It took 22 years of fundraising, but the Montgomery County Courthouse finally has its clock tower back after more than 75 years.

They say that the more things change, the more they stay the same. The Randolph and Montgomery county courthouse restorations, along with my own experiences documenting them and the rest of the state’s portfolio, demonstrate that cliché pretty clearly to me. Wrapping up the photo portion of this project feels like losing a friend, but I don’t think I’ll ever be totally done with it- Michigan and Ohio have courthouses too, after all, and the old Martin County Courthouse in Shoals is getting a refurbished bell tower of its own that I’ll need to take photos of. Zooming out, it’s clear that the last seven years have brought many changes, both to our state’s historic courthouses, to me, and probably to you as well. I’m excited to see where the next seven take us.

TL;DR
Montgomery County (pop. 38,177, 40/92)
Crawfordsville (pop. 15,995).
59/92 photographed
Built: 1876. Decapitated in 1941. Restored in 2018.
Cost: $150,000 ($3.27 million in 2016)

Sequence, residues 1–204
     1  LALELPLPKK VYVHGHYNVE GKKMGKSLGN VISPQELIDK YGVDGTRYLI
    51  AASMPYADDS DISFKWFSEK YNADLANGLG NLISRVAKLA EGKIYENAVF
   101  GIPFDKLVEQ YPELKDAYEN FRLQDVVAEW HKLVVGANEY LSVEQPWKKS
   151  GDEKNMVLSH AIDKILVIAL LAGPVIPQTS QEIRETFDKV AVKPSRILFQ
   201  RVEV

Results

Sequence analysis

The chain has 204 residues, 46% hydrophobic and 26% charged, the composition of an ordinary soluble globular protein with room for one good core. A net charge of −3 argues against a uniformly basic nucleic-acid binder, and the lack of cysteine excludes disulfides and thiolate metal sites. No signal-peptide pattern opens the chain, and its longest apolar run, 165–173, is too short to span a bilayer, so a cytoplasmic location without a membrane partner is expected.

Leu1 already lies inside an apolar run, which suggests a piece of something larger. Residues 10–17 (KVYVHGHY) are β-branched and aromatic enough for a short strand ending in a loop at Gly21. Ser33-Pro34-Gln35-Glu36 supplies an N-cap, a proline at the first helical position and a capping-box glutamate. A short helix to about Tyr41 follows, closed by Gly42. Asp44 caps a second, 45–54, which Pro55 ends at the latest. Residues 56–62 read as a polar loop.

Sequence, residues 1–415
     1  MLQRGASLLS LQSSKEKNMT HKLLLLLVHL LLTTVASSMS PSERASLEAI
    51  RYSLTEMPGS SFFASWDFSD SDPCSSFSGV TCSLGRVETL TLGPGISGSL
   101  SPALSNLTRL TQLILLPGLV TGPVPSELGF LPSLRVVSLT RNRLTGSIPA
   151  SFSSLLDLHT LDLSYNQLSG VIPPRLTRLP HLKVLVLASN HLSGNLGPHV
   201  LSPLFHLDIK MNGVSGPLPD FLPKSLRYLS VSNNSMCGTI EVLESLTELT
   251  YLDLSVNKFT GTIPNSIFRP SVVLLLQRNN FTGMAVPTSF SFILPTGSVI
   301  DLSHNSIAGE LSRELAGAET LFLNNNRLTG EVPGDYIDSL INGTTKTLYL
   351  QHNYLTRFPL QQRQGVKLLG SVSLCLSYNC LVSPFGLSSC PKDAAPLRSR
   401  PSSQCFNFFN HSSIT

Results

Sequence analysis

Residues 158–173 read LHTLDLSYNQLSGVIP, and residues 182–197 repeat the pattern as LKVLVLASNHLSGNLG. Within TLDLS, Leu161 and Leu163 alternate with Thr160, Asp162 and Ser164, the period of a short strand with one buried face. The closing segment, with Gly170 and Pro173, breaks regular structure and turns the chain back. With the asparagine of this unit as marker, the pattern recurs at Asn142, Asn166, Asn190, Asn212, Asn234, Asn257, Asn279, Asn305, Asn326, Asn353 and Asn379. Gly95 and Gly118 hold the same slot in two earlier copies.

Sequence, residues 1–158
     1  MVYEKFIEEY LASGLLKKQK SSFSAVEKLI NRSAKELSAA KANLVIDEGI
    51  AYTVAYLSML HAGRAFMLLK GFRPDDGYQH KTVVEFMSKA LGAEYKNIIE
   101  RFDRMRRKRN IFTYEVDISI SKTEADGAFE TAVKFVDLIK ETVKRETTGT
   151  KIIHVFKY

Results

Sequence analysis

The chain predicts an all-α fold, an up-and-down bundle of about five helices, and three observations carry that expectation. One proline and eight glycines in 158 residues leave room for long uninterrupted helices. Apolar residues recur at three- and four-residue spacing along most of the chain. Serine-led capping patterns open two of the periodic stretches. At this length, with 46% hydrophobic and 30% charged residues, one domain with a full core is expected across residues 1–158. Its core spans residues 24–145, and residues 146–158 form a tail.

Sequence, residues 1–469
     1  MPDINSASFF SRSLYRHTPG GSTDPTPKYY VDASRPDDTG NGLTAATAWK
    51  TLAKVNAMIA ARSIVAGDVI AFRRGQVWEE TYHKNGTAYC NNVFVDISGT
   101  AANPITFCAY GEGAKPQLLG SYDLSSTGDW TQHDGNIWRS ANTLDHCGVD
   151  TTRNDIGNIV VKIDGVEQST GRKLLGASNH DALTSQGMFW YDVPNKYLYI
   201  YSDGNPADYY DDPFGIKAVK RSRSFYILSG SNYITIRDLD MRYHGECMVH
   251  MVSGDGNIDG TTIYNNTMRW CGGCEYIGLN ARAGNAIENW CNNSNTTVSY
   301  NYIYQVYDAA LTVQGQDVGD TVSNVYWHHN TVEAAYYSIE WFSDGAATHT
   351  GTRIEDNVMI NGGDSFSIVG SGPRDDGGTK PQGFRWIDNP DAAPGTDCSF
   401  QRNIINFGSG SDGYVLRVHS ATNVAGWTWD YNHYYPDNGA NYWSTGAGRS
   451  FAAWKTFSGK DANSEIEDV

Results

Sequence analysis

Architect: George W. Bunting
Style: Neoclassical
Courthouse Square: No square
Height: 3 stories
Current Use: County offices and courts
Photographed: 3/13/16, 5/16, 18, 5/19/18


1 “Danzebrink rebuilt courthouse’s clock” The Journal Review [Crawfordsville] May 11, 2018. Web. Retrieved from http://www.journalreview.com.
2 “Time running out on dying wish for Montgomery Co. Courthouse clock tower?” The Journal & Courier [Lafayette] July 26, 2017. Web. Retrieved from https://www.jconline.com
3 “Woman works to restore Crawfordsville clock tower” The Journal & Courier [Lafayette] March 14, 2016. Web. Retrieved from https://www.jconline.com
4 Clock tower committee reflects on more than 20 years of fundraising The Journal Review [Crawfordsville] May 19, 2018. Web. Retrieved from http://www.journalreview.com.
5 “Wind farm debate continues at commissioner meeting” The Journal Review [Crawfordsville] October 23, 2017. Web. Retrieved from http://www.journalreview.com.
6 “Promise kept: Courthouse clock tower, gone since WWII, returns in Crawfordsville” May 17, 2018. Web Retrieved from https://www.jconline.com
7 “Long awaited clock tower to make its way to Montgomery County courthouse” The Journal & Courier [Lafayette] May 7, 2018. Web. Retrieved from https://www.jconline.com

Author: tcshideler

When I'm not driving around, drinking fountain pops, and taking photos of county courthouses, I like to perform and record rock music in my band, spend time outdoors fishing and camping, read, and watch pro basketball and hockey.